Gates of Time These monumental twin gates frame the moment of destruction – 9:02 a.m. – and mark the formal entrances to the Memorial. The East Gate represents 9:01 a.m. on April 19, and the innocence of the city before the attack. The West Gate represents 9:03 a.m., the moment we were changed forever, and the hope that came from the horror in the moments and days following the bombing.
Everywhere we travel, we try to sample the local specialty. In Albuquerque, it’s no mystery. No matter where you’re eating or what you order, chances are it will have green chiles in it.
You will find half-inch squares of this mild chile in your eggs (no surprise) and on your roast beef sandwich (a little surprising). And not a small amount. In fact, my breakfast burrito, bought at the Balloon Fiesta, had so many chiles that I could not taste anything else.
A side note : At the Balloon Fiesta – like many other festivals and midways – the farther you walk, the cheaper the prices. Near the entry gate, the food stands sold breakfast burritos for $7. After a 10-minute walk, the price dropped to $6. Near the center of the park, I bought my burrito for $5. The same price drop held true for souvenirs.
Just something to keep in mind when visiting amusement parks and flea markets as well.
By Saimi Bergmann
For about 15 years, I’ve longed to visit the Albuquerque International Balloon Fiesta. Hundreds and hundreds of hot air balloon pilots from all over the world make the pilgrimage to this 42-year old festival.
Did it live up to my expectations? You bet. And I plan to go back next year and join a crew. Turns out, you can just walk down to the fields where the balloons are inflated and volunteer. If the pilot says yes, you can help with set up and tear down, join a chase crew, and at the end of the flight some pilots give volunteers a quick ride up to the end of a tether. Several of our neighbors in the RV park had volunteered and said it was well worth getting up before dawn.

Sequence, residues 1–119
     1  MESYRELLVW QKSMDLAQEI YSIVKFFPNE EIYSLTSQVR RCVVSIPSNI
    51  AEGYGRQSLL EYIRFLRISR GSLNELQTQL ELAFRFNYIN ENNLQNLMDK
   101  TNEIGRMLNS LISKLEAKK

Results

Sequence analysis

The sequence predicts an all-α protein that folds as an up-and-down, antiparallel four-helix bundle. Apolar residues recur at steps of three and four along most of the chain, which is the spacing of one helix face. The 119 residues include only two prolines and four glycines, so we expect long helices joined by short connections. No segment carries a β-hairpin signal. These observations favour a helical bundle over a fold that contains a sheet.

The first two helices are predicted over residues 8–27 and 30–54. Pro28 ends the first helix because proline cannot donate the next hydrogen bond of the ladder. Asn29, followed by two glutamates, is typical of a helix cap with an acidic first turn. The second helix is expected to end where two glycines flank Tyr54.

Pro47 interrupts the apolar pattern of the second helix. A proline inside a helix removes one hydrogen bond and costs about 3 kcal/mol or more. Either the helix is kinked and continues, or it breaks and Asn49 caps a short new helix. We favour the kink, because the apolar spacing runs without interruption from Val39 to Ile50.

The most surprising aspect was how up close and personal it all was. Spectators can walk right on the field, weave between balloons, jump over tether lines and chat with crews. A couple times a balloon inflated so quickly it brushed against me before I jumped out of the way.
Unless you are a professional photographer (and we saw plenty of those- this is reputedly the most photographed event int he U.S.) we dont think its possible to truly capture the experience. Lord knows we tried. It’s impossible not to take hundreds of photos. Everywhere you look, it’s PHOTO OP! PHOTO OP!
And I haven’t even gotten to the special shapes yet. Stay tuned.
We’ve all wondered: Why do tornados seem to target mobile homes and RV parks? Is it an electromagnetic thing – all that metal in one place?
It might only be urban legend. Perhaps RVs aren’t really hit any more often than brick and mortar homes, but the damage is so spectacular that it gets more notice. Even a wimpy tornado doesn’t seem to have any difficulty picking up an RV and sending it sailing like a fly ball to left field.
I’ll admit, when the wind picks up and starts rocking our house on wheels, as it did in Oklahoma City and in Amarillo, we get a teeny bit apprehensive. We also learned the importance of a firm grip on the entry door. A gust grabbed the door from my hands and slammed it against the canopy brace, punching a hole in the door panel. Hubby was NOT pleased.
I’ve since become quite the acrobat, flinging myself at the door handle if it slips away from me. I once had to leap sideways off the step, wrenching my back when I landed, but I saved that dadblamed door (please insert martyred look here).